not every national park, scenic view, or iconic location was put there for me and my camera
THERE ARE, of course, still going to be times when you want a pristine landscape shot. Often the best time to do that is very early in the morning, before tourists and even workers are out. Getting up early takes a certain discipline, but every time I do so, I am rewarded. Often with complete solitude. Sometimes with just a lot fewer people around. Another way to get that kind of shot is to shoot scenes and places where there aren’t a lot of people. Places that haven’t been discovered yet. Or places that don’t have tourist appeal. I have found some of my best farm scenes to be places that haven’t been “discovered” yet. I have also learned – unfortunately – that it isn’t a good idea to identify those locations in this day and age. There are a couple now famous scenes in Vermont, for example, that used to see the occasional photographer in the road near them – usually during the fall foliage season. But today, everybody and their smartphone wants to photograph these places, and in addition to large numbers of people, many of them have zero respect for other’s property. Indeed in recent years, some of these once quiet, bucolic scenes have taken on a “carnival” atmosphere that is totally at odds with what drew us to them in the first place.
PEOPLE IN the scene can often be perceived as a negative. But I also have to remind myself sometimes that not every national park, scenic view, or iconic location was put there for me and my camera. Indeed, (at least before the advent of the smartphone), the vast majority of visitors to these locations are/were probably there just to see the place. And they certainly have every bit as much of a right to do that (even if they are standing in my photo 🙂 ). Tolerance does not seem to be a popular thing these days, but I still try to practice it.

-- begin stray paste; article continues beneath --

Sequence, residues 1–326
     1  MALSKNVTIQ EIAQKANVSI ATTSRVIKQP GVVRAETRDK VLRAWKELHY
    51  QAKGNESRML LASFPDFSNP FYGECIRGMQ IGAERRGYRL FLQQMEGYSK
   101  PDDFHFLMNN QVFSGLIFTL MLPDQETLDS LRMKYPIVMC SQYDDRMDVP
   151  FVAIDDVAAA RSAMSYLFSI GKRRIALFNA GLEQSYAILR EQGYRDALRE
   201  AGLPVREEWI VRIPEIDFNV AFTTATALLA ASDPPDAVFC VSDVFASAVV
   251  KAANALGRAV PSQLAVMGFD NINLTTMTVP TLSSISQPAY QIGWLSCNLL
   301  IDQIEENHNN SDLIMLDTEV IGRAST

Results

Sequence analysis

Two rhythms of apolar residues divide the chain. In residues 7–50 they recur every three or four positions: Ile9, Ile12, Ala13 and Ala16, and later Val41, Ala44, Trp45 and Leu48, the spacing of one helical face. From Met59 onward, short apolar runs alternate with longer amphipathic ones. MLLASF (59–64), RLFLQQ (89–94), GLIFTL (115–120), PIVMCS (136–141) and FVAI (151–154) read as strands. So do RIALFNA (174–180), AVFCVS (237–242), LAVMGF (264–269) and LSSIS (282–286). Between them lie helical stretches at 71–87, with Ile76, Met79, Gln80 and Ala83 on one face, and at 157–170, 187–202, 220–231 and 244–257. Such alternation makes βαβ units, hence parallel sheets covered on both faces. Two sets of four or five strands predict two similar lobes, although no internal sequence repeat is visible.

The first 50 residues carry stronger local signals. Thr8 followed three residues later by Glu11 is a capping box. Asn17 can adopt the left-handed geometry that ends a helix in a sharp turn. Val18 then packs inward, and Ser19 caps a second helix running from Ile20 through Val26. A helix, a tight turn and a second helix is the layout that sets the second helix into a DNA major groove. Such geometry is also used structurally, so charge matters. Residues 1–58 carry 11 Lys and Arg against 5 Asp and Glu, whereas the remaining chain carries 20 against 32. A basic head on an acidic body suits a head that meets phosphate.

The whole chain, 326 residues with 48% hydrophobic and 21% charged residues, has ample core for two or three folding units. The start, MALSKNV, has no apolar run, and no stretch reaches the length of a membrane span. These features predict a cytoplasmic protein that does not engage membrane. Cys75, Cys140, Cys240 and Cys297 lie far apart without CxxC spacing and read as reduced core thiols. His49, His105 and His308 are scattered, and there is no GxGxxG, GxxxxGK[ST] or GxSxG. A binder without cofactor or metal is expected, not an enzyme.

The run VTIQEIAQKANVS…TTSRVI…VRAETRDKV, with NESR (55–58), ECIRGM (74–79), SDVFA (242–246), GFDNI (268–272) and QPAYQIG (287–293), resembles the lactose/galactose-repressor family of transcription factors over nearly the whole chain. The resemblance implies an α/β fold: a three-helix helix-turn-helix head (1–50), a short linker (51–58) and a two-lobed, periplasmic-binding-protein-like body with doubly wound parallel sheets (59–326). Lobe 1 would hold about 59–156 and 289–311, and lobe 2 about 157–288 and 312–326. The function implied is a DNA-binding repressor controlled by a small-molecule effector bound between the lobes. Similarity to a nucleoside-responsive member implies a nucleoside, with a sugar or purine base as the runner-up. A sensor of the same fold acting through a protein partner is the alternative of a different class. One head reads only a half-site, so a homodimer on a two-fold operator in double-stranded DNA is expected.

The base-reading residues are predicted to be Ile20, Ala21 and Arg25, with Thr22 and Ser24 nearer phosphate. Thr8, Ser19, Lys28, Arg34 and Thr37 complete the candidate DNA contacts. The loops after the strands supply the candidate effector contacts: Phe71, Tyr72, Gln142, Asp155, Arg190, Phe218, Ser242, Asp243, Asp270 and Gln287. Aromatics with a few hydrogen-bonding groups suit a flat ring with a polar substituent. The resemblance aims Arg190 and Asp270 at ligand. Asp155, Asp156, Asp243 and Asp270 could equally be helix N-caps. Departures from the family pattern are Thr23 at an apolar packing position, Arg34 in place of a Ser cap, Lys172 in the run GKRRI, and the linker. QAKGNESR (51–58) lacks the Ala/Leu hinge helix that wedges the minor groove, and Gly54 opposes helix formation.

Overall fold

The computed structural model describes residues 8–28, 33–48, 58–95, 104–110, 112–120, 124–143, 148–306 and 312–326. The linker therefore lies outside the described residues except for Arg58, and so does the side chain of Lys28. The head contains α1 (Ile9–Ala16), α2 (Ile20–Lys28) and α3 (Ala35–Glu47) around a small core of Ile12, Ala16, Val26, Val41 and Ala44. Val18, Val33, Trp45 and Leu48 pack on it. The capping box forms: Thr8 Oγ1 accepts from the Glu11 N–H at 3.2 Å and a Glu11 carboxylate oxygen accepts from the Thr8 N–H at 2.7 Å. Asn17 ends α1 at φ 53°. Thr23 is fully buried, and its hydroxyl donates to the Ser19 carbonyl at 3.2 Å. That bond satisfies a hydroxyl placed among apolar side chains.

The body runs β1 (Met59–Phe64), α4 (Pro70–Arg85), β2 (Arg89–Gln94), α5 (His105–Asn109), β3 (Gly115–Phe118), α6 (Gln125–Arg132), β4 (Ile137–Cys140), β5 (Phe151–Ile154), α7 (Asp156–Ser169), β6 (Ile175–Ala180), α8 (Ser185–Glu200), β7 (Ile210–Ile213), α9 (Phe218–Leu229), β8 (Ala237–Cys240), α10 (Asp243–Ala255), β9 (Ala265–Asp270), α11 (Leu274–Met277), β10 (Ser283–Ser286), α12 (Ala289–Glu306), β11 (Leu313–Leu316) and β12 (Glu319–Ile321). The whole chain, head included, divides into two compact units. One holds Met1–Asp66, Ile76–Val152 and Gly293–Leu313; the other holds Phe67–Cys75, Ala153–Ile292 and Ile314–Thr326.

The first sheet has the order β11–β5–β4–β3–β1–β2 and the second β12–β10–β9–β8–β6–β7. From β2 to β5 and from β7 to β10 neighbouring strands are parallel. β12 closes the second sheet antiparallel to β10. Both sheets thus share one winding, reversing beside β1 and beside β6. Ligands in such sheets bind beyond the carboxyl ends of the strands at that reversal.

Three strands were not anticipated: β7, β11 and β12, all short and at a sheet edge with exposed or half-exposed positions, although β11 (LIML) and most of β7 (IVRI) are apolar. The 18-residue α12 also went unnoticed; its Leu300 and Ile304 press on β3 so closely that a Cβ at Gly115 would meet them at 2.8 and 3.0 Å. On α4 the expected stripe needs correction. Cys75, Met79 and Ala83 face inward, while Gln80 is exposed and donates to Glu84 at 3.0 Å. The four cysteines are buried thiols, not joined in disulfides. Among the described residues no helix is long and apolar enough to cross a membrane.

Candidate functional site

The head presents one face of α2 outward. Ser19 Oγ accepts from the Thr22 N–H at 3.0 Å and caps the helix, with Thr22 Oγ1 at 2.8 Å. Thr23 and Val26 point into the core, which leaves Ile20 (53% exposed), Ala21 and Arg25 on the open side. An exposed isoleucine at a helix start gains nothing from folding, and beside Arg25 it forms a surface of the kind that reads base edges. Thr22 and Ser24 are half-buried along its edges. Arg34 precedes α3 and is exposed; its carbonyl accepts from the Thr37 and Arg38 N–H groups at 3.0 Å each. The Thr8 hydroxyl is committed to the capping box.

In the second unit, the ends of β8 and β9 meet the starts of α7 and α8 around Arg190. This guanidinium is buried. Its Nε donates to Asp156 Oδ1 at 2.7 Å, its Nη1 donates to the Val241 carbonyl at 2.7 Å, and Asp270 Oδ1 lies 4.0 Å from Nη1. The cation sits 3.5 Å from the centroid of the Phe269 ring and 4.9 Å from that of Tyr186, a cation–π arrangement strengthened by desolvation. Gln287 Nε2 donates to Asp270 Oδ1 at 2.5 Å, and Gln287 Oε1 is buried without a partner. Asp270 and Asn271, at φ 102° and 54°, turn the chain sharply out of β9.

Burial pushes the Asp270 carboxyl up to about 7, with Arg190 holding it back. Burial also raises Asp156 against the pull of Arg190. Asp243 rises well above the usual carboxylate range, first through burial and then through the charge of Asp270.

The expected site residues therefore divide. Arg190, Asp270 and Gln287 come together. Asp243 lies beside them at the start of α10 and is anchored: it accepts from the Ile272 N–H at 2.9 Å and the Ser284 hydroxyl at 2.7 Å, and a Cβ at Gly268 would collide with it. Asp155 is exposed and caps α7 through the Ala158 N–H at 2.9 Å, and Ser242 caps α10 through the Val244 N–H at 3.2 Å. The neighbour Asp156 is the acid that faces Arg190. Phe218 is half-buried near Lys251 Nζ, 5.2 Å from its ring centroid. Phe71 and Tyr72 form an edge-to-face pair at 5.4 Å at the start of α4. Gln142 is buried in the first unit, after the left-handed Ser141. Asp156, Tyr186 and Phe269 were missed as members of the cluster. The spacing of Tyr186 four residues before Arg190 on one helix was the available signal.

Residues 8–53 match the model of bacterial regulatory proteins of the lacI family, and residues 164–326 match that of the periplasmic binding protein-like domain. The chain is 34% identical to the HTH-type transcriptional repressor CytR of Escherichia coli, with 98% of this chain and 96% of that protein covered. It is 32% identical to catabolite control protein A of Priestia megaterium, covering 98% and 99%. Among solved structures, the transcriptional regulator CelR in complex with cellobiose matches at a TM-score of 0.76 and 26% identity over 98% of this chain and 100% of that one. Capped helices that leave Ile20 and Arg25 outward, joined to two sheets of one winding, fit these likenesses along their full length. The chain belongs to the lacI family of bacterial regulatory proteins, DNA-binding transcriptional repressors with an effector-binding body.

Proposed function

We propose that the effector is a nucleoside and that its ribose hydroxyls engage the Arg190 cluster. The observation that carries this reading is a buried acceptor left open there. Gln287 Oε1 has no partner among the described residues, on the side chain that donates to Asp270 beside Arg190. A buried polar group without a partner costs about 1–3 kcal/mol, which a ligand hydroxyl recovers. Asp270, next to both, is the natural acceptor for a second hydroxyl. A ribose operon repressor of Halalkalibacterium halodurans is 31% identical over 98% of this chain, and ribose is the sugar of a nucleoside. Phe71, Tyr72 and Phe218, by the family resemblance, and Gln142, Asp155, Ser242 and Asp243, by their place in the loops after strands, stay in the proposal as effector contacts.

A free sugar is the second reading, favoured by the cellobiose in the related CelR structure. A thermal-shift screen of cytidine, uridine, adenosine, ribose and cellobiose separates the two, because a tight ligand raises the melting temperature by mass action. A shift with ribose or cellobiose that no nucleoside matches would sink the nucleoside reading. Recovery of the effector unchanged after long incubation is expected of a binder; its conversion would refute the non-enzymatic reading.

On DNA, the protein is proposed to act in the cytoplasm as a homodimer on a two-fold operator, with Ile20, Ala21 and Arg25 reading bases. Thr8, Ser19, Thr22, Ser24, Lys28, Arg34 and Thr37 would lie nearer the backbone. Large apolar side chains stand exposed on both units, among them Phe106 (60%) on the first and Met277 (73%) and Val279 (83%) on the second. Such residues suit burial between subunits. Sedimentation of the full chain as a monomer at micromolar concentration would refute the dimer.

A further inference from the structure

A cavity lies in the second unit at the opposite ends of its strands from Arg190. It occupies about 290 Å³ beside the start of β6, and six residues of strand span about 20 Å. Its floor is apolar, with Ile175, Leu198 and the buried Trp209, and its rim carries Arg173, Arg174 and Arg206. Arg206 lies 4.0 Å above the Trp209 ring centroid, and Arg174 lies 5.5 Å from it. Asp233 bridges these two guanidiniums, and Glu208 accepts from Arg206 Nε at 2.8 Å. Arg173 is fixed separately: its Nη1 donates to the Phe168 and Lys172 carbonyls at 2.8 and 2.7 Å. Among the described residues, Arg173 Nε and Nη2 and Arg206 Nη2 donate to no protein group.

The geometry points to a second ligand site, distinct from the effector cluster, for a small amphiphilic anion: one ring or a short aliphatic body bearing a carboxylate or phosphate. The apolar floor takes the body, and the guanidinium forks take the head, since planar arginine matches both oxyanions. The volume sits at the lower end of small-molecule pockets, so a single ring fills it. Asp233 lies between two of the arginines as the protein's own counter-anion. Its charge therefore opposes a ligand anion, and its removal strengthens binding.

IN RECENT years, though, something that I have learned is – especially in my travel photography – putting people (or using the people that are there) in your photos sometimes creates added interest. In addition to scale, they can give perspective, and sometimes create questions. Like what is she looking at? What is he thinking? Or they can help express the pure joy of experiencing one of our worldwide wonders. So, for me the trick has now become how to best position the people that are inevitably there in the image. I have begun to look for those moments. I know I am probably late to the game (but suspect I am still with, or ahead of many of my fellow “nature” photographers). Street photographers often purposely seek out people in their imagery. I have never felt really comfortable engaging people, but I am slowly coming to grips with it. In the meantime, I often try to portray people in the image in a basically incognito way (looking away, or so distant as to not have recognizable face). But other times that is just not possible. And when people are in public, they have a reduced expectation of privacy, so I feel that as long as I am not portraying them in a negative way, it is probably o.k.
WHILE INCLUDING people in photographs can be an enhancing factor, I also believe there is a tipping point. I have had times where the venue has been so crowded with people that I have decided not to even shoot it. Sometimes crowds can detract from a shot. Unless, of course, you are trying to depict crowds.
IDON’T think I have used people in images anywhere more than my recent trip to Portugal. We were in two of the most populous cities in the country and let’s face it: there were bound to be people everywhere. Even early in the season. I think this year is perhaps unusual, as people were pent up from the pandemic, and ready to get out and travel again. For whatever reason, there were a lot of people in Lisbon and Porto in late May and early June.